That was despite team mate Valtteri Bottas putting his Silver Arrow on the front row, just 0.093s behind polesitter Sebastian Vettel with his improved Ferrari power unit.
“It was a difficult qualifying,” said Hamilton. “My laps weren't good and it just didn't quite come together for me. In practice things looked good and I think I could have been quickest in FP3, but in qualifying I couldn't quite hit the potential we had shown.”
Whilst fellow power unit providers Ferrari, Renault and Honda have all brought upgrades to the Circuit Gilles-Villeneuve, Mercedes chose to delay theirs due to a last-minute ‘quality issue’.
However, Hamilton refused to blame that for his deficit to his rivals: “I don't think today's performance has got anything to do with the older engine. Sebastian simply did a better job when it counted in Q3.”
Team boss Toto Wolff echoed Hamilton’s sentiments, saying they simply weren’t quick enough – especially disappointing at a circuit where Mercedes have traditionally been very strong.
“It once again showed us that this is a championship where tiny details will make the difference in the end,” he said.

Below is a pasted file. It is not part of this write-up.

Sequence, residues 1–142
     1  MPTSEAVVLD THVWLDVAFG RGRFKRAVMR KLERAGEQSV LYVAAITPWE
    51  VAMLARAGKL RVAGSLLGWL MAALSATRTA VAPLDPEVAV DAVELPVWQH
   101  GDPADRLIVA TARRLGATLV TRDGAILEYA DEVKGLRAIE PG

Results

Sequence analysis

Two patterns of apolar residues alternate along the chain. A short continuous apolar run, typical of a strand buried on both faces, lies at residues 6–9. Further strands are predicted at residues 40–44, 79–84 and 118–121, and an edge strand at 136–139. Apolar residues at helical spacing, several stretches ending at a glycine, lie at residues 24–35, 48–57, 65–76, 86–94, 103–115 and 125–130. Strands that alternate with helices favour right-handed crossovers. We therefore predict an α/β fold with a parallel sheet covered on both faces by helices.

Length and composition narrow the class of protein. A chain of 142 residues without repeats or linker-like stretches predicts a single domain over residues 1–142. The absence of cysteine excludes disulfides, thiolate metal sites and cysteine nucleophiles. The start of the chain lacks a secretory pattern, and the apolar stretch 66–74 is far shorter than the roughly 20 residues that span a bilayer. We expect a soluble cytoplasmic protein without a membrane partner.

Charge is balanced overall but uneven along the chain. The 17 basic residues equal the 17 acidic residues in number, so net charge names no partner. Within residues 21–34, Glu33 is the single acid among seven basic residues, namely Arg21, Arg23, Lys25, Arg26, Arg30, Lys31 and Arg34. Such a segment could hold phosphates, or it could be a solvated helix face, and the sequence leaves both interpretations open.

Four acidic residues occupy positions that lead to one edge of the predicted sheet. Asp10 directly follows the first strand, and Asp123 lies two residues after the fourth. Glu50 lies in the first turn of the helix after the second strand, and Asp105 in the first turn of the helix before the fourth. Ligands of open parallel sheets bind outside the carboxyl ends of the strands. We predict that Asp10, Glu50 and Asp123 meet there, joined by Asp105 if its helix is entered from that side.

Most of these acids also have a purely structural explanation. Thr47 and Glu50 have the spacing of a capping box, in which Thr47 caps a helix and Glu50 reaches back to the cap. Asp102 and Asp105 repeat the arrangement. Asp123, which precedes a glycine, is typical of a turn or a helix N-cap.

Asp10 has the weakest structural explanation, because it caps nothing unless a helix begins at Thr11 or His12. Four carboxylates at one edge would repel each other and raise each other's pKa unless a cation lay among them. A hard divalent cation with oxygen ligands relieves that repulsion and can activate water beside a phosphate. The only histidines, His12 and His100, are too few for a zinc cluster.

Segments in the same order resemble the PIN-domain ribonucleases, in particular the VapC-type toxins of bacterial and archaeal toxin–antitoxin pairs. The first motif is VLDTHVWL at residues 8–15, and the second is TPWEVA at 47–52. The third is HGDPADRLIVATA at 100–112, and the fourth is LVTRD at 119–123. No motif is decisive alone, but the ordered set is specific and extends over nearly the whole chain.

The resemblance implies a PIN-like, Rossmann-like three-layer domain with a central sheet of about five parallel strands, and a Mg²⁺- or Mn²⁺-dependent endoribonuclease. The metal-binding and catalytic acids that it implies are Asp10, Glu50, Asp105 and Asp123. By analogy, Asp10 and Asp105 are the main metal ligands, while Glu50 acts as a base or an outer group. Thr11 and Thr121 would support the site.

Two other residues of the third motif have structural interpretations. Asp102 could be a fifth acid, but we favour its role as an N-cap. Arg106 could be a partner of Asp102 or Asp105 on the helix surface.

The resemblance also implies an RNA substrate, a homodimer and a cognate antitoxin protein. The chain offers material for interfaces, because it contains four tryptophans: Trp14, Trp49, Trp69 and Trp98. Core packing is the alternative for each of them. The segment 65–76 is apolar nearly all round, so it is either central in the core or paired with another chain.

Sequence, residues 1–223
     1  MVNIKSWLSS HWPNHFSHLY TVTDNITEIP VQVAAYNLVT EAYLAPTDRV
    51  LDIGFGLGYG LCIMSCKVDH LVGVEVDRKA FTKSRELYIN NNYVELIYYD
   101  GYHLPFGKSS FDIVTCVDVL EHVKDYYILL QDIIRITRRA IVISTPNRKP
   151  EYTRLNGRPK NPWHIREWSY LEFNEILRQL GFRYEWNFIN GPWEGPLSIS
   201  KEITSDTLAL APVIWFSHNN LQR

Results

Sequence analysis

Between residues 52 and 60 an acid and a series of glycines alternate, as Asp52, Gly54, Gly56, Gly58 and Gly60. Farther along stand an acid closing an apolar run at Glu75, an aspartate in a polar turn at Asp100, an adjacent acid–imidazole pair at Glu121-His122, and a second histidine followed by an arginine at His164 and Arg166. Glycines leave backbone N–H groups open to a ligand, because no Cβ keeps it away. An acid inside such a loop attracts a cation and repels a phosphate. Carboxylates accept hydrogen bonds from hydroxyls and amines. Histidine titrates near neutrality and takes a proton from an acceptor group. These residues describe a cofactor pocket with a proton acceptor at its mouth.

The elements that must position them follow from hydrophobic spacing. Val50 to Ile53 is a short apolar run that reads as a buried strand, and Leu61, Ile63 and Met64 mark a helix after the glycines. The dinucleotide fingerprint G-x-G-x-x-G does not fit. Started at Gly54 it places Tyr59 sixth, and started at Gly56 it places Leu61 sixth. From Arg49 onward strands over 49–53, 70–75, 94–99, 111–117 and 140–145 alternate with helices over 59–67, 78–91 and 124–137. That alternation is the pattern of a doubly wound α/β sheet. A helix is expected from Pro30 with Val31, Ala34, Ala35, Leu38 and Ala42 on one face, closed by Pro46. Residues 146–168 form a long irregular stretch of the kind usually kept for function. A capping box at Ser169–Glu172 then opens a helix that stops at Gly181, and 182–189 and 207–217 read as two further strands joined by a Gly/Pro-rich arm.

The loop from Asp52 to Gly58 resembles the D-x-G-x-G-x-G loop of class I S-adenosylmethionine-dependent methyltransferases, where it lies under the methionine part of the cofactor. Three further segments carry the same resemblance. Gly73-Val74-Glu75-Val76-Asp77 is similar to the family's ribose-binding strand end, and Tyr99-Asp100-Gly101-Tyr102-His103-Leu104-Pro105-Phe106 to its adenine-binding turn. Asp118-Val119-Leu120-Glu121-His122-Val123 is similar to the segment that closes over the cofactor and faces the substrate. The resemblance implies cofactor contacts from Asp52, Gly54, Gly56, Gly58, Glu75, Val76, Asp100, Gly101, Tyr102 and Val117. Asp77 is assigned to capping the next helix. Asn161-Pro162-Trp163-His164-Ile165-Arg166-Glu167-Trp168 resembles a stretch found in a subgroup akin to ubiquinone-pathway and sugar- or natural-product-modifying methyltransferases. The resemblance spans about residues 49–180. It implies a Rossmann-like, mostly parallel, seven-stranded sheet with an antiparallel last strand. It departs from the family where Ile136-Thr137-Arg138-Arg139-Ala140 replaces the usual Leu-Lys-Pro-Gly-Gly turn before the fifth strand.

“The gaps are measured in fractions of a tenth of a second and every single small detail counts towards our final performance. It's not one factor or the other, but every piece of the puzzle that we need to get right if we want to win.”
One factor that could count in Mercedes’ favour on Sunday is that like Ferrari – but unlike Red Bull – they made it through Q2 on the more durable ultrasoft tyre, meaning they will start the race on that compound.
“We're happy that we qualified on the ultrasoft tyre in Q2,” said Bottas. “I think it's the right choice for our car. It will be interesting to see how it does in the start of the race, especially because Red Bull will start on the hypersoft.
“Overall it seems like the margins are very small between the top 3 teams, so the strategy could really be the key. It should be an interesting race tomorrow.”
Mercedes have not lost a race in Canada since 2014.